The rule of capital isn't exercised only, or even mainly through the use of overt economic, political, and military power by the capitalist class. It is manifested as well in the capitalist domination of the institutions and organisations which socialise individuals and groups and relate them to each other; not only the factory and the government, but also the schools, the churches, the mass media, the family, the political, fraternal, labour, nationality, social, and recreational organisation. How many times have we heard workers say that, 'socialism is a good idea but it wouldn't work because people are basically selfish (or lazy, or dumb, etc.)'. In the capitalist conception of the world, there is no sense in which 'communism' is a good idea, while the notion that man is inherently selfish is a pillar of capitalist common sense. Through these forms, essential capitalist notions of what is right good and proper are transformed into material forces on the lives of working people. It’s no longer about voting for a lesser evil. It’s about the politics we need for human survival.
We are socialists out of conviction because we see capitalism as harmful to the vast majority of our own and the world’s people. This system we live under, by its very nature, grinds the poor and working people, sets one group against another, and acts violently against people at home and around the world when they resist. We see in socialism the means of achieving a more just, more cooperative and more peaceful society. Are we helping the socialist movement to grow? There is a need for sharing our experiences and knowledge. This process of can only be done collectively, because we need the abilities of many people to overcome our individual deficiencies. We need a broad organisation that can can coordinate activities, consolidate gains, and recruit and involve new people productively. if our work is thorough and well-done, the Socialist Party will inspire confidence among working people and win them over. The Socialist Party offers an alternative which can meet basic needs of people and which is based on cooperation and general, productive and fulfilling lives. Socialism offers a future free from the fears of poverty, sexism, racism, dog-eat-dog competition, joblessness, and the loneliness. As our movement grows, we will be nearer to creating a society that allows each person to create and produce according to her or his ability and to obtain what she or he needs. We advocate and work for socialism–that is, working class ownership and collective control of the means of production (factories, fields, utilities, etc.) and government. We want a system based on cooperation, where the people build together for the common good.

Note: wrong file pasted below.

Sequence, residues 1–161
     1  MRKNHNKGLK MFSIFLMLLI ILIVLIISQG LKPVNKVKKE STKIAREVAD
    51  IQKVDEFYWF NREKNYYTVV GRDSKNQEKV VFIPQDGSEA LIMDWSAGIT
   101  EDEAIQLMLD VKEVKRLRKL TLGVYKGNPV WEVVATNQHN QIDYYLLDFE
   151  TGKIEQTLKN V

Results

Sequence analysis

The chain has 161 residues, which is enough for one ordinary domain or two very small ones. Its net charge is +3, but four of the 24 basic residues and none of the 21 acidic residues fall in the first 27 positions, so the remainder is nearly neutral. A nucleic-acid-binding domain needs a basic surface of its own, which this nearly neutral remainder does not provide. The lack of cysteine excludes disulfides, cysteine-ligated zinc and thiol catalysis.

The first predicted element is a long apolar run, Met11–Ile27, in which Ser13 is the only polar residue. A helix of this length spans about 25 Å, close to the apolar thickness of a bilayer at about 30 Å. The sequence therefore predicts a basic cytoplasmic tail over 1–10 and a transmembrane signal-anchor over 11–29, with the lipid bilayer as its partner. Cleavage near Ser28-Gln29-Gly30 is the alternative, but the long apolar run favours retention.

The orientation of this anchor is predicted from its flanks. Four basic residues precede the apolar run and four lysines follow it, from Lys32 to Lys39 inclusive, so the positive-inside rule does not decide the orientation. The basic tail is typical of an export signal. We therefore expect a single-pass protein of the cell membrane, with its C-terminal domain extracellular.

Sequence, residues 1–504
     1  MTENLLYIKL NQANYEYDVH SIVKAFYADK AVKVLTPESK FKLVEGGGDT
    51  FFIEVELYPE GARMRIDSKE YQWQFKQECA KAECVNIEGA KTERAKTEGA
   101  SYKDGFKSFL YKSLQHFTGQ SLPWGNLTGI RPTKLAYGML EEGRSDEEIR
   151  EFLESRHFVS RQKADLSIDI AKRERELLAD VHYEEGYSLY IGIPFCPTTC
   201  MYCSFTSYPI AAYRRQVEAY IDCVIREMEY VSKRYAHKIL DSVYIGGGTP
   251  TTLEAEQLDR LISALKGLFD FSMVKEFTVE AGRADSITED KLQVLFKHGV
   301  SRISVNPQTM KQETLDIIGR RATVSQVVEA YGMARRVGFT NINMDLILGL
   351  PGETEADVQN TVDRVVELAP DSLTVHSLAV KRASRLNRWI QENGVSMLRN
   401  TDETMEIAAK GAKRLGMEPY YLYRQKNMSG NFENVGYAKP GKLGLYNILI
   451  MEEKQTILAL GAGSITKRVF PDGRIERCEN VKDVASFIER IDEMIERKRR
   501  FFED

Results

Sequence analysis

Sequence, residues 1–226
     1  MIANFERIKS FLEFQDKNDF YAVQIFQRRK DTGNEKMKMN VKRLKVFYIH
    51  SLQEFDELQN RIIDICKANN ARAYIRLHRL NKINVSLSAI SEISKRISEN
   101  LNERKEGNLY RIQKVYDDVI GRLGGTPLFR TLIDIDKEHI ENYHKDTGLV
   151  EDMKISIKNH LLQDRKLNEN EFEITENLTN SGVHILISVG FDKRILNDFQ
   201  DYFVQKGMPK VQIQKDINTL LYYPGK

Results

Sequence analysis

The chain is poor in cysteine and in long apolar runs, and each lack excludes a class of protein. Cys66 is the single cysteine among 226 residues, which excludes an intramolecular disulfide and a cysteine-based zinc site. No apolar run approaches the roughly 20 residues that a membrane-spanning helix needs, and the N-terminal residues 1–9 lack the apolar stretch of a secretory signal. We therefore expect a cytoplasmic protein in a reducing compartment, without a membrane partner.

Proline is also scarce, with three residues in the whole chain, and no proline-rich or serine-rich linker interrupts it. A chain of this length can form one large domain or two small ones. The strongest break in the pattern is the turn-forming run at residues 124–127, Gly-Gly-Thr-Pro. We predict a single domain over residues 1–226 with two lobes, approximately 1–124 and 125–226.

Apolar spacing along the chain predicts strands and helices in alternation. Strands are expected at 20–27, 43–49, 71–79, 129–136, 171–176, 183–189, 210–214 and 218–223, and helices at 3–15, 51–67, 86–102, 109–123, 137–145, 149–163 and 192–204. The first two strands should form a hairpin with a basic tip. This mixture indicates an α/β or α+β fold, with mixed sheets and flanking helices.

To build a socialist organisation requires that we distinguish between essential and deferred questions. Without unity on essentials, no serious practice is possible. The principles of unity of the organisation are the essential questions upon which there is no basis for disagreement and are the basis for strategic decision-making, and for deciding on priorities. Deferred questions are those secondary to the main task at a given time. Such questions may become important in a future period but until answers become crucial, there is room for differences of opinion within the organisation. People are our most precious resource.